Carbon monoxide (CO) is a common risk found in the home. Nicknamed the “silent killer,” CO gas is colorless, odorless, tasteless and non-irritating, yet it can cause unconsciousness, brain damage or death. Consequently, more than 400 people die of accidental carbon monoxide influence each year, a steeper fatality rate versus other types of poisoning.
When the weather cools off, you close up your home for the winter and trust in heating appliances to stay warm. This is when the risk of carbon monoxide poisoning is highest. Fortunately you can safeguard your family from carbon monoxide in different ways. One of the most successful methods is to add CO detectors around your home. Use this guide to help you understand where carbon monoxide comes from and how to take full advantage of your CO detectors.
What produces carbon monoxide in a house?
Carbon monoxide is a byproduct of something burned. Therefore, this gas is generated anytime a fuel source is burned, like natural gas, propane, oil, charcoal, gasoline, woo, and more. Frequent causes of carbon monoxide in a house include:
- Overloaded clothes dryer vent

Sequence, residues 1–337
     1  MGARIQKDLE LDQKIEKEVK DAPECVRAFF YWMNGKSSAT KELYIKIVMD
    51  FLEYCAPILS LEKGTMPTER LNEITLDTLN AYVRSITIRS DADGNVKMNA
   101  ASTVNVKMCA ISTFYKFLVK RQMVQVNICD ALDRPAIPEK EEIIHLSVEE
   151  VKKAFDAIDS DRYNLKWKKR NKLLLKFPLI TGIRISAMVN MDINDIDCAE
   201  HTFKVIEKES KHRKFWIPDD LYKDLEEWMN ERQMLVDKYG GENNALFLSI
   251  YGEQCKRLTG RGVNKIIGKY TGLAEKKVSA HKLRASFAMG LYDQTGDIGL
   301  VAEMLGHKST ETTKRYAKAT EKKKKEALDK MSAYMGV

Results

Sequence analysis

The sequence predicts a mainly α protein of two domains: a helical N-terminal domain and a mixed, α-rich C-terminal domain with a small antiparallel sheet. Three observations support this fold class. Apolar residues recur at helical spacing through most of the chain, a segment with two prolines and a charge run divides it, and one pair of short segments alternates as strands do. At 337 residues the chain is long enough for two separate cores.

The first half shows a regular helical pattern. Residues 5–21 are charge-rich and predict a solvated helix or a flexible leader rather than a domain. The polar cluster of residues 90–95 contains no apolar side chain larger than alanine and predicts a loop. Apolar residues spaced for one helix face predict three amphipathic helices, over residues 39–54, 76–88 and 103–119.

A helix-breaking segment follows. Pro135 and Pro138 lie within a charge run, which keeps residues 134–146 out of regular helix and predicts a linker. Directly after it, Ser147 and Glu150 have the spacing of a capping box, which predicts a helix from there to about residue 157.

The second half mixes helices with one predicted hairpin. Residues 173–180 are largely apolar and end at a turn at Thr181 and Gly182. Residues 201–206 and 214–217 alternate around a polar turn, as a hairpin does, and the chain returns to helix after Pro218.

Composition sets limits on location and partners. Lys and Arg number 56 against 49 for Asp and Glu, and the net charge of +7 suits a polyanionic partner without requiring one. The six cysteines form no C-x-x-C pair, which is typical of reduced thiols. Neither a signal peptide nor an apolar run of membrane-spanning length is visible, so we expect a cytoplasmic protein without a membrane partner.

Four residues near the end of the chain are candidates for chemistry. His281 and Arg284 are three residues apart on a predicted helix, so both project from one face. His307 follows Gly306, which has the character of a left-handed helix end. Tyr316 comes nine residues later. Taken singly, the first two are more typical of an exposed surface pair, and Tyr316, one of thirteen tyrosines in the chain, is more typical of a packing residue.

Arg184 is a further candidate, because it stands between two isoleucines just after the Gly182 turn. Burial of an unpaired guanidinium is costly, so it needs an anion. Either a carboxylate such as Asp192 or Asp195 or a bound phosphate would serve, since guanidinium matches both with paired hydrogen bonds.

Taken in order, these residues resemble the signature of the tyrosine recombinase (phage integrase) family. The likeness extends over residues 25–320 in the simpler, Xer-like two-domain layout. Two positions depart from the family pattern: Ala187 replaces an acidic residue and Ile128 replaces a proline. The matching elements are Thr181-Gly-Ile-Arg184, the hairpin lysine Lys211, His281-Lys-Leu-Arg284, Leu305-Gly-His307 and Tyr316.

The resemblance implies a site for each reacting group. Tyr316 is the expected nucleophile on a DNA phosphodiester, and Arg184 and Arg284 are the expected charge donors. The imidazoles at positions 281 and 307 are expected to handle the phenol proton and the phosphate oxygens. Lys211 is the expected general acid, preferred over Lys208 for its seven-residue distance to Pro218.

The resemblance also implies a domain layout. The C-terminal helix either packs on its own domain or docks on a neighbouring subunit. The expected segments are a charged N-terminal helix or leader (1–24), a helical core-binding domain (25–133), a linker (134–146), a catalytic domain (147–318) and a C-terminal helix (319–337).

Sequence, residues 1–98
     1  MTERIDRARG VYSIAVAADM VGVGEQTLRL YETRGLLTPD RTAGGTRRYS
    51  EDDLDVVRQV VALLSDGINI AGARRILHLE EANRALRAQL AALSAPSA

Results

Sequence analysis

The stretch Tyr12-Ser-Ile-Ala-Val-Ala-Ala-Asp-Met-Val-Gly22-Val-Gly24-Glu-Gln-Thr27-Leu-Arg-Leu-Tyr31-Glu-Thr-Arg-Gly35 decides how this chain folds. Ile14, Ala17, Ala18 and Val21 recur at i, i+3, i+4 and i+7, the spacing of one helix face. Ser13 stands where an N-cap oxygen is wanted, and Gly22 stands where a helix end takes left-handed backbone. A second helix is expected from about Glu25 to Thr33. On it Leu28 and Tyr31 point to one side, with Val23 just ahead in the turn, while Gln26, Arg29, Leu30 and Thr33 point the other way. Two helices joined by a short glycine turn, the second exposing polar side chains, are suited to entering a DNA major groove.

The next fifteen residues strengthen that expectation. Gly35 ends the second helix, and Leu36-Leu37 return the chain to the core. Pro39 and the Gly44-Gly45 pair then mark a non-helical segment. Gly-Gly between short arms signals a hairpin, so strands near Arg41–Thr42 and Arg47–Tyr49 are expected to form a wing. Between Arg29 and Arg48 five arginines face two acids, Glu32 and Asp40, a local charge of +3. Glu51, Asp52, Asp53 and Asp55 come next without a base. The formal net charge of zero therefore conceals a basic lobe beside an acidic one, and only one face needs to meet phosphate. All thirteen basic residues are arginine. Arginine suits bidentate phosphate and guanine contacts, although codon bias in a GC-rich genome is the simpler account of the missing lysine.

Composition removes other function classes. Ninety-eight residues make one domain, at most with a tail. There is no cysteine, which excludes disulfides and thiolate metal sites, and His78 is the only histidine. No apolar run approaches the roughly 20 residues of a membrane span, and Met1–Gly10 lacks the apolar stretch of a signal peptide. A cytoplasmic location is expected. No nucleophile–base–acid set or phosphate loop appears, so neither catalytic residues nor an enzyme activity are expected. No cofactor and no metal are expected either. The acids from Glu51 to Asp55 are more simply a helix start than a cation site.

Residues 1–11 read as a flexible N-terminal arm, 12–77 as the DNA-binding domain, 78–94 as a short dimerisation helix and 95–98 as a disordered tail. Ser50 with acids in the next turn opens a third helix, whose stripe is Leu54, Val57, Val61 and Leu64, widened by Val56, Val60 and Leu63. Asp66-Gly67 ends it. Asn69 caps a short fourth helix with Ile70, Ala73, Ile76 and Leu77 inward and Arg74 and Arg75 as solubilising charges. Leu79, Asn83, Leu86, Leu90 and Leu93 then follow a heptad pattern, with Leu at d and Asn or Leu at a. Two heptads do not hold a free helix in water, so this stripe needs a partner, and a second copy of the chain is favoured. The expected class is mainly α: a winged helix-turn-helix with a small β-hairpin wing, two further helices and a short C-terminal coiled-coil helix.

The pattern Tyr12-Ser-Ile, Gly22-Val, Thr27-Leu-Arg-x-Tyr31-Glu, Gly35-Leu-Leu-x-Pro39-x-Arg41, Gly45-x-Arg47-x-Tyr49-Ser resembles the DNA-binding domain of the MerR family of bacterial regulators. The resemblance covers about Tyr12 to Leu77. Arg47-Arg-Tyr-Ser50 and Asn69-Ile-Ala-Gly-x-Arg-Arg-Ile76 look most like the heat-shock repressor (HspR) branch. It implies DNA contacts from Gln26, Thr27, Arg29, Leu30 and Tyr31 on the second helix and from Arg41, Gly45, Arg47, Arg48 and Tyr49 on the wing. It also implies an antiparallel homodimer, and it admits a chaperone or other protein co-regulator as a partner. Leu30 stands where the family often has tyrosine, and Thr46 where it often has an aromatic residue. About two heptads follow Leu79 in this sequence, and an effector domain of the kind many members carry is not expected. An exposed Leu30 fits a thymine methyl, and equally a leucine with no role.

- Broken down water heater
- Furnace or boiler with a broken heat exchanger
- Closed fireplace flue while a fire is lit
- Poorly vented gas or wood stove
- Vehicle running in the garage
- Portable generator, grill, power tool or lawn equipment operating in the garage
Do smoke detectors detect carbon monoxide?
No, smoke detectors do not detect carbon monoxide. In fact, they start an alarm when they detect a certain concentration of smoke caused by a fire. Possessing dependable smoke detectors lowers the risk of dying in a house fire by nearly 55 percent.
Smoke detectors come in two basic forms—ionization detectors and photoelectric detectors. Ionization detection works best with fast-growing fires that produce large flames, while photoelectric models are more effective with smoldering, smoky fires. A few smoke detectors come with both types of alarms in a solitary unit to maximize the chance of recognizing a fire, no matter how it burns.